Hazard Faces a Sunday in the Decline

By William Meredith 1919–2007 William Meredith
We need the ceremony of one another,
    meals served, more love,
    more handling of one another with love, less
    casting out of those who are not
    of our own household.

    ‘This turkey is either not cooked
    enough or it’s tough.’

The culture is in late imperial decline.
    The children don’t like dark meat or
    pepper. They say the mother sometimes
    deliberately puts pepper on the things
    the grown-ups like better.

    Less casting out of those in our own
    household with whom we disagree.

The cat will not hear of cat food,
    he waves it away. He has seen
    the big thrush taken from the cold
    box, dressed and put in the hot.

    ‘If I set the alarm clock, will you turn
    on the oven when it goes off?’ then
    she went off to see the profane
    dancers of the afternoon. It was done.

The fact that I don’t like his pictures
    should not obscure the facts
    that he is a good man
    that many admire his work (his canvases
    threaten my existence and I hope
    mine his, the intolerant bastard)
    that we are brothers in humanity
    & the art. Often it does, though.

The cat has followed Hazard from his studio,
    he looks mean. He upbraids
    the innocent dog and
    all of us, he casts us out.

    ‘There’s pepper in this gravy. We’re
    supposed to eat dry turkey and you’ve
    put pepper in the gravy.’

The meal is served, nevertheless
    with felt love, some godless benediction.

The grown ones have wine after the other
    bottle. They cast out a lot. ‘The dancers
    this afternoon were, well, thinky,’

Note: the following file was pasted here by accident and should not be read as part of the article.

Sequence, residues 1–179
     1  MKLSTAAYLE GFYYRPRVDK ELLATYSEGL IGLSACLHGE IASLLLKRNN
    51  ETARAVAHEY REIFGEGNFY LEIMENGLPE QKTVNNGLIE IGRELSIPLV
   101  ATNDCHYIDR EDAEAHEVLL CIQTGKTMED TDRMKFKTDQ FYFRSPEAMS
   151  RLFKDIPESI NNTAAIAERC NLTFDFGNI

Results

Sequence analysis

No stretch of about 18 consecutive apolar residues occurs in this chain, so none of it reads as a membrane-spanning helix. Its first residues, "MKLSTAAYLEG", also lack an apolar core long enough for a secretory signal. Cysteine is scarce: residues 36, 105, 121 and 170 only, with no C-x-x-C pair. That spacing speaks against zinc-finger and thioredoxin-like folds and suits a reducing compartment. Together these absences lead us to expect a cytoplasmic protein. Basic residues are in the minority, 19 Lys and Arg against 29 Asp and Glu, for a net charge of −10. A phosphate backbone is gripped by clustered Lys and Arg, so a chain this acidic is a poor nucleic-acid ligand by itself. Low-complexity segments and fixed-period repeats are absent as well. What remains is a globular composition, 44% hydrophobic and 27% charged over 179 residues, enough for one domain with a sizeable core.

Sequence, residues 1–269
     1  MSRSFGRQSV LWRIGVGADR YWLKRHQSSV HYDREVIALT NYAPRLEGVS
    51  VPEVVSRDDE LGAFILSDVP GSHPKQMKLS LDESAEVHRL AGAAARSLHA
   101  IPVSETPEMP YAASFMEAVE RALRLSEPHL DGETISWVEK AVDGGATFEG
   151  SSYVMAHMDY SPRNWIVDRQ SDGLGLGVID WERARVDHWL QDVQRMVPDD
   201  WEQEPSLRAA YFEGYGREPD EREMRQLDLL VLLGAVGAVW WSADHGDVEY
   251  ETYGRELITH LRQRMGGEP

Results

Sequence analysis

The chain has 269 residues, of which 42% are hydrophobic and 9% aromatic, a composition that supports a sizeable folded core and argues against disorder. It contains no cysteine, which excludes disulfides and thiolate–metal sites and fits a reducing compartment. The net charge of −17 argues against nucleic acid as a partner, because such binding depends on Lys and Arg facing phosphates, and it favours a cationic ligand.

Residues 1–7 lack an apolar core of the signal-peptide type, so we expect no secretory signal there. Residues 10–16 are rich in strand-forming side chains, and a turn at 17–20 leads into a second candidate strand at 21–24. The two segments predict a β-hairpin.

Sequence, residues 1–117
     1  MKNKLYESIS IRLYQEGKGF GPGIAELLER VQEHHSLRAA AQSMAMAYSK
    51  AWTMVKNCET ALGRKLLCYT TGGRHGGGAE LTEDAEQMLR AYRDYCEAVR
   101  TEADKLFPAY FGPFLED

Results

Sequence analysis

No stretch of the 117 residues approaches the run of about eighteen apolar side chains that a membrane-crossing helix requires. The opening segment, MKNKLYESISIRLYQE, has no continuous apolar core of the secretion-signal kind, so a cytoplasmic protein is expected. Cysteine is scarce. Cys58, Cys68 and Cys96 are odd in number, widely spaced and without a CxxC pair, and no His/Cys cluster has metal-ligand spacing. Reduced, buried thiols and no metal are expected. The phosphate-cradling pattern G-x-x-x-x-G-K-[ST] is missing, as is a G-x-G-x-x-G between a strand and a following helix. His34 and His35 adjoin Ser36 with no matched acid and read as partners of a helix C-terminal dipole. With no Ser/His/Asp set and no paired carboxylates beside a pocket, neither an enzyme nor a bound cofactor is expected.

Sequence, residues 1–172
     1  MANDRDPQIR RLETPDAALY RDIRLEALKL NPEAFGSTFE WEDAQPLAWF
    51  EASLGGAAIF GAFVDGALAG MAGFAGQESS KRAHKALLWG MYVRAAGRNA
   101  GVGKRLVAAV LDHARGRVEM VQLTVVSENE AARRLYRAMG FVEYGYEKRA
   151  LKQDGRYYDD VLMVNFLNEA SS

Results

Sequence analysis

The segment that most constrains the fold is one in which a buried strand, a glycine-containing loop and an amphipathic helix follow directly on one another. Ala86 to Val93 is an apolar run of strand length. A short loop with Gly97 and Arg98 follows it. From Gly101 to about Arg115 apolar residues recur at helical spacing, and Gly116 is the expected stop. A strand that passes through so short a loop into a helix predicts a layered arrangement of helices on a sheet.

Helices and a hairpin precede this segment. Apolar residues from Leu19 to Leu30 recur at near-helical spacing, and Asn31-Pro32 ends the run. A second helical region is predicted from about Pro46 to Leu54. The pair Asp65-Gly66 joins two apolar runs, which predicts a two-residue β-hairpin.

she says. She toys with her glass.

‘He is strictly a one-joke painter,’
    he replies, ‘painted that one twenty
    years ago and is still putting pepper
    on it, ha hah. Finish your turkey
    you two and leave a little gravy for someone else.’

The cat is taking notes against
    his own household. He watches.
    Hazard would like once to see
    things with the cat’s eyes, flat.

Now it is time to go to bed. Hungry
    and alone most go to bed in this
    decline and in all others, yet

Someone has fed us again and blessed us
    with the manners of bohemia. Among barbarians,
    a lot is expected of us, ceremony-wise.
    We rise to that expectation.

William Meredith, “Hazard Faces a Sunday in the Decline” from Effort at Speech: New and Selected Poems. Copyright © 1997 by William Meredith. Reprinted with the permission of the author and TriQuarterly Books/Northwestern University Press, http://nupress.northwestern.edu.

Source: Effort at Speech: New and Selected Poems (1997)

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Poet William Meredith 1919–2007

Subjects Growing Old, Painting & Sculpture, Home Life, Eating & Drinking, Living, Relationships, Activities, Arts & Sciences

Poetic Terms Free Verse

 William  Meredith

Biography

Acclaimed poet William Meredith wrote formal, disciplined poetry of cool observation, intelligence, and wit. A Consultant in Poetry to the Library of Congress, and later the Poet Laureate Consulate in Poetry to the Library of Congress, Meredith was also a Director and Chancellor of the Academy of American Poets. His many honors also included the Pulitzer Prize, the Los Angeles Times Book Award, the National Book Award and the . . .

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SUBJECT Growing Old, Painting & Sculpture, Home Life, Eating & Drinking, Living, Relationships, Activities, Arts & Sciences

Poetic Terms Free Verse

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